On a languid midsummers day in the countryside, old Adam Godley, a renowned theoretical mathematician, is dying. His family gathers at his bedside: his son, young Adam, struggling to maintain his marriage to a radiantly beautiful actress; his 19-year-old daughter, Petra, filled with voices and visions as she waits for the inevitable; their stepmother, Ursula, whose relations with the Godley children are strained at best; and Petras young man very likely more interested in the father than the daughter who has arrived for a superbly ill-timed visit.
But the Godley family is not alone in their vigil. Around them hovers a family of mischievous immortals among them, Zeus, who has his eye on young Adams wife; Pan, who has taken the doughy, perspiring form of an old unwelcome acquaintance; and Hermes, who is the genial and omniscient narrator: We too are petty and vindictive, he tells us, just like you, when we are put to it. As old Adams days on earth run down, these unearthly beings start to stir up trouble, to sometimes wildly unintended effect.
Blissfully inventive and playful, rich in psychological insight and sensual detail, The Infinities is at once a gloriously earthy romp and a wise look at the terrible, wonderful plight of being humanely dazzling novel from one of the most widely admired and acclaimed writers at work today.
I have to say it took me some time to get into it, but now I am quite taken with the narrator and listening a second time. And find myself thinking about reality too much. It's not action packed. But it's depth is charming. Nobody has the answers, the smartest and brightest of the deities themselves have white soft bellies. And everyone seems wrapped in this quiet comedy about life and love and family. Plus, it's oddly out of time. Futuristic concepts are mentioned while a nineteenth century cottage feel is described. THe path of it all actually made me stop doing things and rewind once or twice.Not out of confusion of action - but thought processes, which I appreciate. The daily rituals of human bodily crass-ness as envied by the interfering, fallible gods. Charmed is it I think. I was afraid it would be just sad and depressing - but it's more bittersweet...with a dollop the ridiculous of our own importance mixed in... I don't know what i expected with a main character in a coma, but this has been a tad bit amusingly addictive.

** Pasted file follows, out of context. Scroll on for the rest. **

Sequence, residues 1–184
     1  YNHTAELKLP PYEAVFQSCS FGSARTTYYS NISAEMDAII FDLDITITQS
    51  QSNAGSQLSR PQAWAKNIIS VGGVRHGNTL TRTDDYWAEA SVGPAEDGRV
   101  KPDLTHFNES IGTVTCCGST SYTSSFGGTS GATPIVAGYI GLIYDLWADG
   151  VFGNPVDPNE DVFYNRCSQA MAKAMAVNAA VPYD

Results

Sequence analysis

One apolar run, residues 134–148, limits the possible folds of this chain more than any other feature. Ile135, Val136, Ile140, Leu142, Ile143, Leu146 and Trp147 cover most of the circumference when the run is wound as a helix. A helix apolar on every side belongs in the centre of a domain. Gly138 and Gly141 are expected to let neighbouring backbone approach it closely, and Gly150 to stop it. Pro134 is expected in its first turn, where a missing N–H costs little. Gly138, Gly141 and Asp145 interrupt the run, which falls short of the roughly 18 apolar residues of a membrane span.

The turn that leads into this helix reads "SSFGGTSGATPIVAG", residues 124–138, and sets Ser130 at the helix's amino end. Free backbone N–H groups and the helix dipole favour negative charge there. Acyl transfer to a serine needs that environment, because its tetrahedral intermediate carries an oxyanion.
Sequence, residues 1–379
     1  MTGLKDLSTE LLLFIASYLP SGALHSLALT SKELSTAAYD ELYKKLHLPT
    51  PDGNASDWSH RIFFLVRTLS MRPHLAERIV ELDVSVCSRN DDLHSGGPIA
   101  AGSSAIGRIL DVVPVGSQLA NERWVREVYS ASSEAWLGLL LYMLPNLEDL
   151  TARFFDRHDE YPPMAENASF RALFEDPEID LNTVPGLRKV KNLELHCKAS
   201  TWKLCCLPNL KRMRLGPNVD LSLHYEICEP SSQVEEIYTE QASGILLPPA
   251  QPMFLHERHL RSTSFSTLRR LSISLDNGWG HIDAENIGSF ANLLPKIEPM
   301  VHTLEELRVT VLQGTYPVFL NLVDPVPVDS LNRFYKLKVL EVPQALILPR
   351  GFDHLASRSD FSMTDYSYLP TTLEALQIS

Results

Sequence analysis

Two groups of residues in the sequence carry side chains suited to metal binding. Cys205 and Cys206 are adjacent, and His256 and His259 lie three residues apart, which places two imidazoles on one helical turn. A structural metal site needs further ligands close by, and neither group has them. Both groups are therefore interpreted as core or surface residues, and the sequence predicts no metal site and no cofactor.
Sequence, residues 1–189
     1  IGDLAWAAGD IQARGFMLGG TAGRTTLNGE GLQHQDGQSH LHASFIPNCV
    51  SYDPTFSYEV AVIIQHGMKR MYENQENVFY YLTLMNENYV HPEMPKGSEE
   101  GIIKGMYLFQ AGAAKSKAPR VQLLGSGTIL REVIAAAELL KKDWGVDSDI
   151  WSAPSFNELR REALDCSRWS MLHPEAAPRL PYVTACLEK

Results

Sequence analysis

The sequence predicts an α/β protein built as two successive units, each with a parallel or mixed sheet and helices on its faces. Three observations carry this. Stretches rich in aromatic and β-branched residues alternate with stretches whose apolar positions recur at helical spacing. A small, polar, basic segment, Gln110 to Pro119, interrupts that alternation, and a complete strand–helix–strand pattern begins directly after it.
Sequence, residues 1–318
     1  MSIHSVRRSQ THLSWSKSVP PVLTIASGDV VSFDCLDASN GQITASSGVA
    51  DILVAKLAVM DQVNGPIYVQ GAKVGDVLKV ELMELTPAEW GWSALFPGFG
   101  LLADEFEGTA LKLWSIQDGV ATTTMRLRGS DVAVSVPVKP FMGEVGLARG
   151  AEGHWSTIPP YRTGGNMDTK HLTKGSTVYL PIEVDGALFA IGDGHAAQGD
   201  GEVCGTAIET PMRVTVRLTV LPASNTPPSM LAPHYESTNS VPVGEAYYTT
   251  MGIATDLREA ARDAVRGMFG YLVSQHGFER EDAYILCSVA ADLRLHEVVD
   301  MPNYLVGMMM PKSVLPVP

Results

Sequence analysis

6 of 6 people found this review helpful
Britain has so many wonderful novelists just now but Banville is surely one of the best. The Infinities is witty, sweet, funny, generous to say nothing of as clever as all get out, and plays beautifully with the contemporary fascination with the conflation of science and literature. Beautifully read, too. Don't miss it.
5 of 5 people found this review helpful
Superb job by the narrator. Banville is Banville, which is to say interesting and excellent, but this narrator does him justice. Recommended.
2 of 2 people found this review helpful